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Book Reviews

Arnie Carver and the Plague of Demeverde

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The richest and possibly brightest teen alive in the year 2024 Thayne Davidson Miller III has only the butler for a friend the “gentlemen’s gentleman” who raised him. The family’s business empire makes tight security necessary for fear of kidnapping. At age thirteen this prodigy of photographic memory is qualified to practice medicine and law but matches the social experience of the boy in the bubble. Sudden violent deaths serve as Thayne’s catalyst to break into society. The investigation into the incident is a thread left unknotted presumably to be resolved in another installment.

Under protection of the new pseudonym of Arnie Carver he enrolls in a boarding school for super-able geniuses on the mid-Atlantic island-nation of Demeverde. The utopian community is a gadget hound’s nirvana with prototypes for all manner of conveniences created by the island’s inventors and manufacturers available first to the students. The regimen is a mix of academic physical and spiritual instruction with the students living and competing in diverse teams of ten. When a fatal illness arises Arnie leads his team in an effort to identify the source. A plot complication strikes a blow for vegetarianism a preference also modeled by several teammates.

The cornerstone aphorism governing interpersonal behavior on Demeverde is: “‘We do not impose ourselves on others nor do we appreciate those who do.’” The benevolent but unchecked leader Unius stresses mutual cooperation and self-improvement to match full potential. After welcoming Arnie to the school Unius stays occupied with international affairs but he’s privy to unrestricted electronic observation of students and citizens.

This story’s area of slight deficiency is the villain billionaire capitalist Gregory Scorsos whose impact on the main action is tardy in appearing. His greed-driven actions do little to directly hinder the hero though they arbitrarily strike someone close by. Scorsos may harbor a motivation to harm Arnie but the too-distant villainy is a threat to world health more generally albeit with damaging consequences to Demeverde as well.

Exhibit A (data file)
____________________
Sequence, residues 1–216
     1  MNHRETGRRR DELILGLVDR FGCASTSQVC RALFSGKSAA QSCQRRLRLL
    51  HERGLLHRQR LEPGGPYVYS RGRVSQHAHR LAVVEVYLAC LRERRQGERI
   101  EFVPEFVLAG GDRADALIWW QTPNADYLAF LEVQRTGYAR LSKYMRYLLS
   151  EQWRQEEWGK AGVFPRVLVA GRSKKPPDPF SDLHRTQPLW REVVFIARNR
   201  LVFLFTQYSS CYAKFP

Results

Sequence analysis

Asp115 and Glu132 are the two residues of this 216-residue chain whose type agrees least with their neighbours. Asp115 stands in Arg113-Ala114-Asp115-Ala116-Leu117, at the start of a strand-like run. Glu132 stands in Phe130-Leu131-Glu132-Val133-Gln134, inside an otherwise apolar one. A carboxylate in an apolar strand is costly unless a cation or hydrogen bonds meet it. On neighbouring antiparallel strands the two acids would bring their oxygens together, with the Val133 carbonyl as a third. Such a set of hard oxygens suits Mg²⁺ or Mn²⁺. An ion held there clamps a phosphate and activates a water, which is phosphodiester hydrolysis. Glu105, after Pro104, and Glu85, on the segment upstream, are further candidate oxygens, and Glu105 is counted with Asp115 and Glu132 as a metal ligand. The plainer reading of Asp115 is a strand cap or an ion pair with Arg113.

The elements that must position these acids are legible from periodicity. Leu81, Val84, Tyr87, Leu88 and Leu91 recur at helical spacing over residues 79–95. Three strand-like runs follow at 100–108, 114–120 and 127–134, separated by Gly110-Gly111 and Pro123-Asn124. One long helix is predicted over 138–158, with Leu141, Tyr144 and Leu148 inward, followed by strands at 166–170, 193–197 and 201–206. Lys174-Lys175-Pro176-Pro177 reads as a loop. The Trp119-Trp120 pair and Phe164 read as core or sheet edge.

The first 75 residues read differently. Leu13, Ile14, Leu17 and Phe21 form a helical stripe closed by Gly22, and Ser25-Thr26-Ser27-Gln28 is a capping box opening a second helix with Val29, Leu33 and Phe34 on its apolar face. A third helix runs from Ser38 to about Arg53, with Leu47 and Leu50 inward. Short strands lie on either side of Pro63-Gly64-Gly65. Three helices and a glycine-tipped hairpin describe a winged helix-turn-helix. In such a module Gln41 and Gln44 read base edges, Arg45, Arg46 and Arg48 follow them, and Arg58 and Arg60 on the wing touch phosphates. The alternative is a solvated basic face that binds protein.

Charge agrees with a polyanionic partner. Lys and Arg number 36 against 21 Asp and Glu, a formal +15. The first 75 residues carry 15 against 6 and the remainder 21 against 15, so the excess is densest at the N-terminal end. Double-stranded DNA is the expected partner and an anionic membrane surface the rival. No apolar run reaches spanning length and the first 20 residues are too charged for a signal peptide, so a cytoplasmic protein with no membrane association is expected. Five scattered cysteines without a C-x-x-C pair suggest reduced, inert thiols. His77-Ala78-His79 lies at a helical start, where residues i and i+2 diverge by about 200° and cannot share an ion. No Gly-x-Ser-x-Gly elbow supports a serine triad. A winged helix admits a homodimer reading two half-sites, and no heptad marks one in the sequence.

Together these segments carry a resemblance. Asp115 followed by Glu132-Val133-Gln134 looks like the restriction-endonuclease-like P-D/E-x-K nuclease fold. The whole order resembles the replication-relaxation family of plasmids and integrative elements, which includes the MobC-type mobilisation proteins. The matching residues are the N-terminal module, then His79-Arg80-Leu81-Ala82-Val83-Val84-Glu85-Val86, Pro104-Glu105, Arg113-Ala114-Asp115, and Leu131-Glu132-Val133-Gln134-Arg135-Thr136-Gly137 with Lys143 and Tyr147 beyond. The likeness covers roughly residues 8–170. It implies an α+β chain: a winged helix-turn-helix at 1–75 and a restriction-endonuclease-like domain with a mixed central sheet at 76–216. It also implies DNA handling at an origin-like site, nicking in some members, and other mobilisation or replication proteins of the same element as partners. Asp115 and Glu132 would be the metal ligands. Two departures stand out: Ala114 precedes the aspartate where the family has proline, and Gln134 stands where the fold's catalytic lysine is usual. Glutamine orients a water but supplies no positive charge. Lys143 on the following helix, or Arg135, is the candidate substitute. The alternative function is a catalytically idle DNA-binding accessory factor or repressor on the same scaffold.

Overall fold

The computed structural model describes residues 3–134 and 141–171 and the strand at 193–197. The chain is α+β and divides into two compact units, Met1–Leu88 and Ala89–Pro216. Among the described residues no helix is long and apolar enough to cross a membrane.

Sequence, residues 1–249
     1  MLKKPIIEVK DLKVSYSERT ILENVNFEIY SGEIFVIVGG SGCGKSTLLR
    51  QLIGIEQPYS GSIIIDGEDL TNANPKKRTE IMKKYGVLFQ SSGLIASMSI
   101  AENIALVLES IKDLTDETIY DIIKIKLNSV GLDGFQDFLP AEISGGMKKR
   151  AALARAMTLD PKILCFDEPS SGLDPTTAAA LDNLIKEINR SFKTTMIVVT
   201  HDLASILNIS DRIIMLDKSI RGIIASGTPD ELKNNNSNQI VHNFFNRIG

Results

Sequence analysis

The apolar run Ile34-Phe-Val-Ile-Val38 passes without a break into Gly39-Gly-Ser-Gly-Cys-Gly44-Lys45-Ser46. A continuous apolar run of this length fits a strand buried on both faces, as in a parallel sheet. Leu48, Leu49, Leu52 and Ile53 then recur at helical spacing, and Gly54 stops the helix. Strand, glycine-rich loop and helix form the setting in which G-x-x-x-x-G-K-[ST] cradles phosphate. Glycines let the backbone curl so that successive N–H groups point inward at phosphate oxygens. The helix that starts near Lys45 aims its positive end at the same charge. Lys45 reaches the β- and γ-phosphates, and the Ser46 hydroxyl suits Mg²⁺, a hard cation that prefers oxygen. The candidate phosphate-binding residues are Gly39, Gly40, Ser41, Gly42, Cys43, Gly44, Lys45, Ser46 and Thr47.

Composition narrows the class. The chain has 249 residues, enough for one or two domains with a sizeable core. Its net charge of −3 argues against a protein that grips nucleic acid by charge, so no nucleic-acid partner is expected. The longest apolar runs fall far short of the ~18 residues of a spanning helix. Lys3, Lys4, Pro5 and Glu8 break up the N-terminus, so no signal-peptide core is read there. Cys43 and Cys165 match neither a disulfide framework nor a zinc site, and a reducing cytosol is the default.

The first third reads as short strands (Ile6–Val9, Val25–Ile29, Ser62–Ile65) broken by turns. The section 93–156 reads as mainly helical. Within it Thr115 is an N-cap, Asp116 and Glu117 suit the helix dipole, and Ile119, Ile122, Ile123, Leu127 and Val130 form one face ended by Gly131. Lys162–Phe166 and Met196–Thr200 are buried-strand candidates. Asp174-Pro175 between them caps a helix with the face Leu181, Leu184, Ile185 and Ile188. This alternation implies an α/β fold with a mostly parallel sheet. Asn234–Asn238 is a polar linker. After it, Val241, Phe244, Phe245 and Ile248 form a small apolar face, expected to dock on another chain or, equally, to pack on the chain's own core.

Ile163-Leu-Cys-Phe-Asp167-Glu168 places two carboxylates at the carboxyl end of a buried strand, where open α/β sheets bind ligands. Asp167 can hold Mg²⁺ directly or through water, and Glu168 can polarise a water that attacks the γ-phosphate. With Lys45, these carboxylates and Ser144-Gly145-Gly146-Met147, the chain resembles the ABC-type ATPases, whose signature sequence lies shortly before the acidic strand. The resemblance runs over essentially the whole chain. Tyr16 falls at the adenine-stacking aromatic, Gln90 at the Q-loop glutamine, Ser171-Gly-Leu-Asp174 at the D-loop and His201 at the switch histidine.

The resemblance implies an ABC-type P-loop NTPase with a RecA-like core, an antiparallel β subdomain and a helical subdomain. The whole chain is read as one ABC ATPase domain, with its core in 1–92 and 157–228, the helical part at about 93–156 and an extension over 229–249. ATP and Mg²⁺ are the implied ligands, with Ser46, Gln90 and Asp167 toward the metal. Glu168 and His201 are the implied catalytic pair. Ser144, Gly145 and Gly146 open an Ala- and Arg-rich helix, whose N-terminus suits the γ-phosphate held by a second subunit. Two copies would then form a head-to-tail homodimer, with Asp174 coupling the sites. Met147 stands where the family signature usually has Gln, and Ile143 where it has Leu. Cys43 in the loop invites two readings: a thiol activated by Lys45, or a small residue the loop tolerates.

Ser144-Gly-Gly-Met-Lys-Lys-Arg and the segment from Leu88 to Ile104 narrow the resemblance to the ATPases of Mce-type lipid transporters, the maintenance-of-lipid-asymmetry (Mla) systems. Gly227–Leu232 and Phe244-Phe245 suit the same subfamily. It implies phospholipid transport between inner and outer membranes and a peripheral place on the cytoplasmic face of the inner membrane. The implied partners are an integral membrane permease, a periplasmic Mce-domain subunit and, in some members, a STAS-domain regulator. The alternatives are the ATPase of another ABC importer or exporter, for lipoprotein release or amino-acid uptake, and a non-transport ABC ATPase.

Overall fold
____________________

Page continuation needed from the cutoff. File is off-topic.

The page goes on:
The author’s boyhood included many cross-cultural friendships a type of link he projects into the future as being so common that no one notices it anymore. Conflicts and positive aspects of a boarding school environment draw upon personal experience but it appears that J.K. Rowling’s Hogwarts was also an oblique influence. Knowledge of young people’s group dynamics stems from fifteen years service as a stay-at-home dad to six.

Arnie Carver and the Plague of Demeverde handily succeeds as a series opener introducing a stakeable protagonist who still has room to grow. The entertaining setting is underpinned by ideals of tolerance involvement team effort and the sovereignty of the individual. Besser’s hero is so imbued with integrity that neither a background of limitless privilege and or ease with intellectual achievement will dampen the loyalty of supportive readers. Widely recommended for young adults.

Disclosure: This article is not an endorsement, but a review. The author of this book provided free copies of the book and paid a small fee to have his/her book reviewed by a professional reviewer. Foreword and Foreword Clarion Review only recommend books that we love and make no guarantee that the author will receive a positive review. Foreword Magazine, Inc. is disclosing this in accordance with the Federal Trade Commission’s 16 CFR, Part 255.

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